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July 10, 2021

I was intrigued when I saw that former NRC chairman Allison Macfarlane published an article this week on the Foreign Affairs website. 

Its title is "Nuclear Energy Will Not Be the Solution to Climate Change."

It does a good job summarizing new nuclear technologies and existing industry challenges. Its ultimate purpose is to encourage more government support for (presumably) solar and wind power.

You start getting the idea beginning with the article's subhead: "There is not enough time for nuclear innovation to save the planet." 

The article ends with an incredible statement:

"We cannot wait a minute longer." 

The problem with prophecy is that it's a risky business if it doesn't come true. It can damage your reputation. Maybe. If people remember. 

In Christian Dispensationalist circles, this kind of thing happens all the time. So-called prophets predict the so-called "rapture" and the beginning of the end of the world. One of the most incredible cases was from a book published in 1988 titled 88 Reasons Why the Rapture Will Be in 1988.

When it failed to happen, the author published a follow-up explaining why it would happen instead in 1989.

Then in 1993.

Then in 1994.

A similar phenomenon has been happening in environmentalist circles since the 1960s with prophecies of climate cataclysm. 

Here is a page that chronicles failed predictions of climate doom since 1967:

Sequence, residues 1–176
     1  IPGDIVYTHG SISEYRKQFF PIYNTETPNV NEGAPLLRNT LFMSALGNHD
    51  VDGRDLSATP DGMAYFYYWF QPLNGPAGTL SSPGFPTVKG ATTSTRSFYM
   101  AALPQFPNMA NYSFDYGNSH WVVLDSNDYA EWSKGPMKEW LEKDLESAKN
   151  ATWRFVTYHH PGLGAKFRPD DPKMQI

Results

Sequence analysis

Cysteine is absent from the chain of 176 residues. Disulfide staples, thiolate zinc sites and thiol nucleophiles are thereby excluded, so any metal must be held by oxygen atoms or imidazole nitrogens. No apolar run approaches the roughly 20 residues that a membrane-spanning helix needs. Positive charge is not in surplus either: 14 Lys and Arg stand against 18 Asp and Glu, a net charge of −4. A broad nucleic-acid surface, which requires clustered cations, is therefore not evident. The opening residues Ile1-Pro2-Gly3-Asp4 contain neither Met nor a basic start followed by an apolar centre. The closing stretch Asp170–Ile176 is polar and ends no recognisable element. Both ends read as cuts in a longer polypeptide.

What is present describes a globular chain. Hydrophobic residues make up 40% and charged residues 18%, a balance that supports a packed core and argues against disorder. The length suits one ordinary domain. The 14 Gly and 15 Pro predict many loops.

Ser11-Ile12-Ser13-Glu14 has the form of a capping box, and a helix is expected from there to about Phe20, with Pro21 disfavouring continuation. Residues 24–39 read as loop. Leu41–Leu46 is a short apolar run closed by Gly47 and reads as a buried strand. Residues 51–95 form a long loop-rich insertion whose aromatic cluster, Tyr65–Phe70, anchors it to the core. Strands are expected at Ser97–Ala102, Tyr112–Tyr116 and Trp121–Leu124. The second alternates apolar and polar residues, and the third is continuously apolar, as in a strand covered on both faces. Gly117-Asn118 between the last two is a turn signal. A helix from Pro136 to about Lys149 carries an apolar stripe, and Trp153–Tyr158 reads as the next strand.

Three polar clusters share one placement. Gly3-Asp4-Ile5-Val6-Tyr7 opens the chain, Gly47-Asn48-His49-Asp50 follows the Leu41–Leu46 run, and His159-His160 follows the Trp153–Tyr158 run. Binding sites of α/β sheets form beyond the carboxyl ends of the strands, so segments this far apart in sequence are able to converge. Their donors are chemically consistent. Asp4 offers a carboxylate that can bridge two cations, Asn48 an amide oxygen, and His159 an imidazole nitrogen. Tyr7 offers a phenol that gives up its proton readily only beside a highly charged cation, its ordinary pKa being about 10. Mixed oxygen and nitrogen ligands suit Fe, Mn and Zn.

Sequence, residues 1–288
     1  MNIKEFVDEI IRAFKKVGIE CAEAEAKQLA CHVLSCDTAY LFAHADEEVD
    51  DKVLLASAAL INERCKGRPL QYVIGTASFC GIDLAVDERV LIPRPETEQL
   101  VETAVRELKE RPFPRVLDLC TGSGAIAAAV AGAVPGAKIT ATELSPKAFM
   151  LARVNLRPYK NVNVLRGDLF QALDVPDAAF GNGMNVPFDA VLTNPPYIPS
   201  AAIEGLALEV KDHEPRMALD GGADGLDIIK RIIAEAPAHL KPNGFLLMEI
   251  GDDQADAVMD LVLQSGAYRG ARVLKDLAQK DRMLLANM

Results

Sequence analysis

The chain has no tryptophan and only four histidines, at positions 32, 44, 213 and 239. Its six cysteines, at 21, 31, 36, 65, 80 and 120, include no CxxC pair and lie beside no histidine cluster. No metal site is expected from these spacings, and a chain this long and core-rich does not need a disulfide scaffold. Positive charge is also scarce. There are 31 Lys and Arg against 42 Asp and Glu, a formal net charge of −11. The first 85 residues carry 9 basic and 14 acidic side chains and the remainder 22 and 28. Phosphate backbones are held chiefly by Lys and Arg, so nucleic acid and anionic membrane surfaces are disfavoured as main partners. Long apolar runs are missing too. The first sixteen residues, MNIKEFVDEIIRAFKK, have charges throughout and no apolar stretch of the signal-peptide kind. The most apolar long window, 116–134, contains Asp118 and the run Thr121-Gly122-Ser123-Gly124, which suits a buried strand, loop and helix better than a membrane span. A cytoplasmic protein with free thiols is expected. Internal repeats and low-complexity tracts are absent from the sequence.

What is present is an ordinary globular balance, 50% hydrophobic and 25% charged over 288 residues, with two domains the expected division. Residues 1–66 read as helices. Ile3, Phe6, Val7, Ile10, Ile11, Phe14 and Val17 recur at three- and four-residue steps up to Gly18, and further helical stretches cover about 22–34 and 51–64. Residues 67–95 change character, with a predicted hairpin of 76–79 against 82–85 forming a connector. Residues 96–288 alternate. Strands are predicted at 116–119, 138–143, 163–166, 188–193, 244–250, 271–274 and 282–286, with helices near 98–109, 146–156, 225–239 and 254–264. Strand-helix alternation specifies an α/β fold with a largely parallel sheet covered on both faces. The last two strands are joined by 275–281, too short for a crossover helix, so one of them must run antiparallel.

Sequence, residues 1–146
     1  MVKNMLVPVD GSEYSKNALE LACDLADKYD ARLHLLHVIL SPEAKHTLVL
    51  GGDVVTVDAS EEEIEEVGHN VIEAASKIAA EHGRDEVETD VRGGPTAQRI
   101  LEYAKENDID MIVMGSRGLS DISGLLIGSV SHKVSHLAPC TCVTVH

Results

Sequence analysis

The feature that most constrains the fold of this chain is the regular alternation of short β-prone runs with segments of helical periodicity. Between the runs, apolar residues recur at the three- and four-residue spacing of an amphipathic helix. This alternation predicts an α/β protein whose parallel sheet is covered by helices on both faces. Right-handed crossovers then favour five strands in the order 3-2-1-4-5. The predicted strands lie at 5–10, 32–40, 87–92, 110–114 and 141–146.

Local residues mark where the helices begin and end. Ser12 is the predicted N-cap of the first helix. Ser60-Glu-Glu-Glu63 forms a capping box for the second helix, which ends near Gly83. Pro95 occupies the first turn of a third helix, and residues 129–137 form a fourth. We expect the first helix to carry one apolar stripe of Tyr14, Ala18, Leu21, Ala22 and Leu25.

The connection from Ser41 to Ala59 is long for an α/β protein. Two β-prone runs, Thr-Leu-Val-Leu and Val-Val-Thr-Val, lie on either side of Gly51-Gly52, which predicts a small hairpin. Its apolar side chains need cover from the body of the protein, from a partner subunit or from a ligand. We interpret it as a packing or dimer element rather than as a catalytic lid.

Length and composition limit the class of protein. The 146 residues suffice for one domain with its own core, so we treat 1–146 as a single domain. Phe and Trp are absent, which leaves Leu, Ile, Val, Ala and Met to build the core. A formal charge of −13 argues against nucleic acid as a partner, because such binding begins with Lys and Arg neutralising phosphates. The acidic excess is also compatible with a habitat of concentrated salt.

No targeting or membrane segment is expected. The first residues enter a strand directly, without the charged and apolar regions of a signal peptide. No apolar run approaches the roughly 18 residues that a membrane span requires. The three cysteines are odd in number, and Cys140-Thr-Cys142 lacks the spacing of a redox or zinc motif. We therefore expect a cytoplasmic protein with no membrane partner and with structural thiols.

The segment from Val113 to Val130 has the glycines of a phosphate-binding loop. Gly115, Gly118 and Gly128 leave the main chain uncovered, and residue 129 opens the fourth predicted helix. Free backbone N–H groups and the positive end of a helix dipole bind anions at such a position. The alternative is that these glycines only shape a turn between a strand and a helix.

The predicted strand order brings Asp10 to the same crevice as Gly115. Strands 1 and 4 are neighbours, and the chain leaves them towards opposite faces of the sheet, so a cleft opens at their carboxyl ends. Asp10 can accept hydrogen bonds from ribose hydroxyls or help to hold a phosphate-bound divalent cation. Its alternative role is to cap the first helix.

Wrong Again: 50 Years of Failed Eco-pocalyptic Predictions

Here is just one example from 1970: "The oceans will be as dead as Lake Erie in less than a decade."

Thankfully, that one fell short.

It is the mark of human creativity and innovation that we set for ourselves long time horizons for planning and progress. I am an optimist. I believe time is on our side. 

So, that's why I'm grateful that innovative companies are pushing ahead with new technology and new ideas to bring viable nuclear energy solutions to fruition to meet our future energy needs. 

Bill Gates founded TerraPower in 2006; now, there's hope that the first major result of his vision will go online in 2028 somewhere in Wyoming.

Nuscale was founded in 2007 with the idea of bringing small modular reactors into the mix. They are planning to bring their first unit online in 2026 in Idaho.

Kairos Power was founded in 2016 and is aiming to get its first fluoride salt-cooled, high-temperature reactor online by 2030.

"Kairos" is a Greek word that means the right or opportune moment. From the Bible, it is used to describe "God's time."

As entrepreneurs who are risking millions of dollars in investment capital to materialize a vision of more viable nuclear energy on behalf of future customers, I'm going to trust their timeline of the future.

No prophecy required. Just hope for a better tomorrow and the willingness of people to act on a plan to get there.

Sincerely,

John "Going Long" Livingston
Editor
www.NuclearElectricalEngineer.com

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